Head injuries - a new tool to measure rehabilitation
14 March 2000
Thousands of people suffering from spasticity as a result of head injury or stroke may soon benefit from a new clinical device thanks to leading medical charity, Action Research.
This news coincides with National Head Injuries Week from 13-19 March and National Science, Engineering and Technology Week from 17-26 March.
The prototype - an electrical instrument based on biomechanical principles - will allow spasticity (uncontrollable skeletal muscle contractions) to be measured more accurately than ever before.
The device, which is connected to the patient using a moulded splint, will tell medical specialists how much force is required to move the knee and elbow joints. This will result in more effective treatment and rehabilitation.
At present many doctors are using the Ashworth Scale which is based on a five point system which enables clinicians to make a subjective assessment of joint resistance to passive movement.
Action Research awarded a team of researchers led by Professor Garth Johnson at the University of Newcastle upon Tyne and the Hunters Moor Rehabilitation Centre nearly £80,000 to develop this clinical device.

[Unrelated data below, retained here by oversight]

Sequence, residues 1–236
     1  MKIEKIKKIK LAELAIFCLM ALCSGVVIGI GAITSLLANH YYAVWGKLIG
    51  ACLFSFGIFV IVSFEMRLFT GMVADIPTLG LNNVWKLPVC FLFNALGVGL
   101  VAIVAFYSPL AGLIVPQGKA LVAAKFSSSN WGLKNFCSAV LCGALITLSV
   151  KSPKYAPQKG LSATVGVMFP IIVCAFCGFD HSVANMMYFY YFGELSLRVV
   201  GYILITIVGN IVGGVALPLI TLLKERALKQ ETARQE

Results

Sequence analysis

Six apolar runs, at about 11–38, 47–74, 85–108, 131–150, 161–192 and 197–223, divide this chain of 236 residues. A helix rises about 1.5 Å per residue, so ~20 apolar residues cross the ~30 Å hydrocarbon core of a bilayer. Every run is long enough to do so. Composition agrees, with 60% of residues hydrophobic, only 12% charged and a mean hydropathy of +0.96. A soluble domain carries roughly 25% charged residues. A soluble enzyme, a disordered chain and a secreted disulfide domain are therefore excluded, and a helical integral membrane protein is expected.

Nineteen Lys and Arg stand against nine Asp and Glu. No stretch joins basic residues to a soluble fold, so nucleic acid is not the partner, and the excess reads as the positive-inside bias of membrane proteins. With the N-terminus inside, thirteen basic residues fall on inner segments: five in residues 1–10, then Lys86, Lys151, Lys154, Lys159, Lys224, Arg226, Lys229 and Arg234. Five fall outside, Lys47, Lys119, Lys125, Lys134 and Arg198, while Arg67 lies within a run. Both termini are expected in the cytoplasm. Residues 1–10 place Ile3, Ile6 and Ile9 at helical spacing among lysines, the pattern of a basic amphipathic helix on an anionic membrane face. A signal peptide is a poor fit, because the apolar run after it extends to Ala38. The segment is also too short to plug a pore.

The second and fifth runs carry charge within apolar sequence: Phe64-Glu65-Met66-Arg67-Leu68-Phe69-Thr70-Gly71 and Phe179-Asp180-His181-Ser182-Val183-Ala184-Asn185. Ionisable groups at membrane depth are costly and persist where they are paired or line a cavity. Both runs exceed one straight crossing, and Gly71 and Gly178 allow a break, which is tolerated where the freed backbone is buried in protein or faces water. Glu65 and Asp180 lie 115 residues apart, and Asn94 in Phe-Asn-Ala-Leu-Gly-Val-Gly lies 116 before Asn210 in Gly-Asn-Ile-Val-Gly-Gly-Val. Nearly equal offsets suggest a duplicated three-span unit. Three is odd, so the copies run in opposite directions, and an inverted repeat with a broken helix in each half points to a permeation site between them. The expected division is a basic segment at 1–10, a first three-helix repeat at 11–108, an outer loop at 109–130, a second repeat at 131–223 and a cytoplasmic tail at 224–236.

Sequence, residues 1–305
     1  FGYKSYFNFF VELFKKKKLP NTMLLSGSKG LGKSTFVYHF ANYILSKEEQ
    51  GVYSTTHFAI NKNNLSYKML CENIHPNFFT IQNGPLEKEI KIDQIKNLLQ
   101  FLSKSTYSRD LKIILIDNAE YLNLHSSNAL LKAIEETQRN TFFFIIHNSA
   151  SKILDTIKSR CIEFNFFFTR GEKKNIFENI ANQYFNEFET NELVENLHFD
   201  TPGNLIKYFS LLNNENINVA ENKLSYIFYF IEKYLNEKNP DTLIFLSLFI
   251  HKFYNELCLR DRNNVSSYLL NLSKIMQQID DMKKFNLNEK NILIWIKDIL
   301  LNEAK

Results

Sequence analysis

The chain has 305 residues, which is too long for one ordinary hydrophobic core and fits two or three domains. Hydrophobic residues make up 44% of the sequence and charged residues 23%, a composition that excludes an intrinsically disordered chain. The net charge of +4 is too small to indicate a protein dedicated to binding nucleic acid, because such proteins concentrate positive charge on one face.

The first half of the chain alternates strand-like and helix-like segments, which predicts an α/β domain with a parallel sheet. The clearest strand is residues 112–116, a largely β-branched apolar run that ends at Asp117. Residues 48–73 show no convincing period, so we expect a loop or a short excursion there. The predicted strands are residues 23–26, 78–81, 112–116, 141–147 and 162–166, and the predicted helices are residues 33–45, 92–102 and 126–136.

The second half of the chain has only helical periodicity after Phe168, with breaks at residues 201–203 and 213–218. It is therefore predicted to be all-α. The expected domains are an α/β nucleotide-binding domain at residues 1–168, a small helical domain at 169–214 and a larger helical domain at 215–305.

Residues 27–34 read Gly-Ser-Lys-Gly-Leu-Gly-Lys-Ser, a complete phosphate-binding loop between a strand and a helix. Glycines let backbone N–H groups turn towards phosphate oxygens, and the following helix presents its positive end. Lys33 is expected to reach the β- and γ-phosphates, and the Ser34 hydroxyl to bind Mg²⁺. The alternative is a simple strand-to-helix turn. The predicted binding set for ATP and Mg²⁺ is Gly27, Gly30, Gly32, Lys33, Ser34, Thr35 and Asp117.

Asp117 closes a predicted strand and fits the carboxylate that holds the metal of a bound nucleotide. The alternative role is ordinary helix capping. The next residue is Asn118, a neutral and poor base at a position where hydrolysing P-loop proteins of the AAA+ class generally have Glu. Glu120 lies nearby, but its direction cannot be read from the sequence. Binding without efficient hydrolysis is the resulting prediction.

Professor Johnson said: "There is currently a shortage of reliable clinical tools with which to measure spasticity accurately. However, with the recent advent of new treatments, and the requirement of the “new’’ NHS to quantitate the effectiveness of rehabilitation, there is now a need for reliable clinical measurement."
He added: "Thousands of people who have suffered a stroke or head injury are affected by spasticity which is why the development of this new device is so important as it should give patients the opportunity to receive better and improved treatments."
The device, which is currently undergoing clinical trials, may become commercially available within two years from a UK based instrument manufacturer.